Throckmorton presently faced the old lady who sat huddled in an armchair, her hands crooked over a cane, a ruffled cap above her silvery hair. He manfully voiced his request for the child's hand in marriage. The old lady seemed to mumble an assent. The happy lover looked about for his fiance when, to his stupefaction, the old lady arose briskly from her chair, threw off cap, silvery wig, gown of black, and stood revealed as the child herself, smiling roguishly up at him from beneath the sunbonnet. With a glad cry he would have seized her, when she stayed him with lifted hand. Once more she astounded him. Swiftly she threw off sunbonnet, blonde wig, print dress, and stood before him revealed as none other than the Gordon daughter.
Hubert Throckmorton had lost his wager. Slowly, as the light of recognition dawned in his widening eyes, he gathered the beautiful girl into his arms. "Now may I be your leading lady?" she asked.
"My leading lady, not only in my next picture, but for life," he replied.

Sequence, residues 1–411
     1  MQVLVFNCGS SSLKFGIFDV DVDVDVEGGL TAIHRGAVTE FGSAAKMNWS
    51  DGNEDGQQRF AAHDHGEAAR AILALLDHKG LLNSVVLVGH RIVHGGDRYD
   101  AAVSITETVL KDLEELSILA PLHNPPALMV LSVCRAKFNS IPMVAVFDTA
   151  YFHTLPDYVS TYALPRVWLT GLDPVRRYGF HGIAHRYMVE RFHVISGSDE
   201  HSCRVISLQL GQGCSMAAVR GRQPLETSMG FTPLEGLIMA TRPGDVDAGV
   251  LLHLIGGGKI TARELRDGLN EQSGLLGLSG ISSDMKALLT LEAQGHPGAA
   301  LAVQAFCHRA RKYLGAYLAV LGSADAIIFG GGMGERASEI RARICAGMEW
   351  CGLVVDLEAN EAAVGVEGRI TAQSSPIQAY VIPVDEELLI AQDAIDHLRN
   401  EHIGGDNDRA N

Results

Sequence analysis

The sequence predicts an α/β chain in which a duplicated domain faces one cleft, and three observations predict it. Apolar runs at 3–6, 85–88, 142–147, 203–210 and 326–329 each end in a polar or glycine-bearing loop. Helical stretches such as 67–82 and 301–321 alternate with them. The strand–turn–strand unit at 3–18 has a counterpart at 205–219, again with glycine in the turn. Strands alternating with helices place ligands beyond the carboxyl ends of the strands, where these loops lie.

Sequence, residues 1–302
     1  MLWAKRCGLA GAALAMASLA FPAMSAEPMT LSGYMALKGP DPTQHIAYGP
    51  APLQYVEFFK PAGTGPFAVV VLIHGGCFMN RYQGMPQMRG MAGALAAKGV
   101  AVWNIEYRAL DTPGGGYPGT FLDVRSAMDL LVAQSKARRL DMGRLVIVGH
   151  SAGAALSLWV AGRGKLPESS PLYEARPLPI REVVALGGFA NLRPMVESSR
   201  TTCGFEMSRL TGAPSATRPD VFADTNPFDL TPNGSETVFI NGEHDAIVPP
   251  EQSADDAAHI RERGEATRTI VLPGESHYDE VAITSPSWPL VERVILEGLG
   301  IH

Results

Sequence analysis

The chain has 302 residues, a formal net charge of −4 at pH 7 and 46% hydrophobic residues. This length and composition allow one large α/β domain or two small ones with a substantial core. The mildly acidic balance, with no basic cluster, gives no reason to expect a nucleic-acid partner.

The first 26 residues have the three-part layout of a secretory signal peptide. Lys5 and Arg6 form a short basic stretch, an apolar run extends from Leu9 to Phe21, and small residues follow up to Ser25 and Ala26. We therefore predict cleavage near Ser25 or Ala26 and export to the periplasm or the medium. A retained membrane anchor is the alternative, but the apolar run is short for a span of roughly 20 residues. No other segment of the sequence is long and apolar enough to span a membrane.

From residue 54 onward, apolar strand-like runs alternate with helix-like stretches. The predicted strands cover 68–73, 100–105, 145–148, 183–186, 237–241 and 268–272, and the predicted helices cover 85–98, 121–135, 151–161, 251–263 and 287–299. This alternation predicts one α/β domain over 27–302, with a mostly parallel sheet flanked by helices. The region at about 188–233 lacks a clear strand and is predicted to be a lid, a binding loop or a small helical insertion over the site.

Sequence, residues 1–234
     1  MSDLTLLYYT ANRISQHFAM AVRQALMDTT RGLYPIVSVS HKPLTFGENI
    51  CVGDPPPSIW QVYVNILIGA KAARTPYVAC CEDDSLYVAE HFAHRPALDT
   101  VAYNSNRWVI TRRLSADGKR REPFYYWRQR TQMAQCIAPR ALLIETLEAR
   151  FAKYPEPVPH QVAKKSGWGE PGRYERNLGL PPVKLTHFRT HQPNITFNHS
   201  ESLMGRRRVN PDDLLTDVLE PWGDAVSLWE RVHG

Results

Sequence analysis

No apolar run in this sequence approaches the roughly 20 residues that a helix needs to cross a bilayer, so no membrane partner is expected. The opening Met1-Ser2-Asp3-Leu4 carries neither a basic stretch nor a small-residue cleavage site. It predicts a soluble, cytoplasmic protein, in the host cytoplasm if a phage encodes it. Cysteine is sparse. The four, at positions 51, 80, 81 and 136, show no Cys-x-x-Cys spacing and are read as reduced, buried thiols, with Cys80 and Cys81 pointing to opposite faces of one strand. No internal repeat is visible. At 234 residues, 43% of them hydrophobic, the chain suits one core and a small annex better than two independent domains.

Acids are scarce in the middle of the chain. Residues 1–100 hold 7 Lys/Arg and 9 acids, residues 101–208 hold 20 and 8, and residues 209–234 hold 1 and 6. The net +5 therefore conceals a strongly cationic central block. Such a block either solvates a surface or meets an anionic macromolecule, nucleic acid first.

There was a pretty little scene in which the wager was paid. Merton studied it. Twice again, that evening, he studied it. He was doubtful. It would seem queer to take a girl around the waist that way and kiss her so slowly. Maybe he could learn. And he knew he could already do that widening of the eyes. He could probably do it as well as Parmalee did.
Back in the Buckeye office, when the Montague girl had returned from her parting with Merton, Baird had said:
"Kid, you've brightened my whole day."
"He's a lot better than you said."
"You can't tell. You can't tell till you try him out. He might be good, and he might blow up right at the start."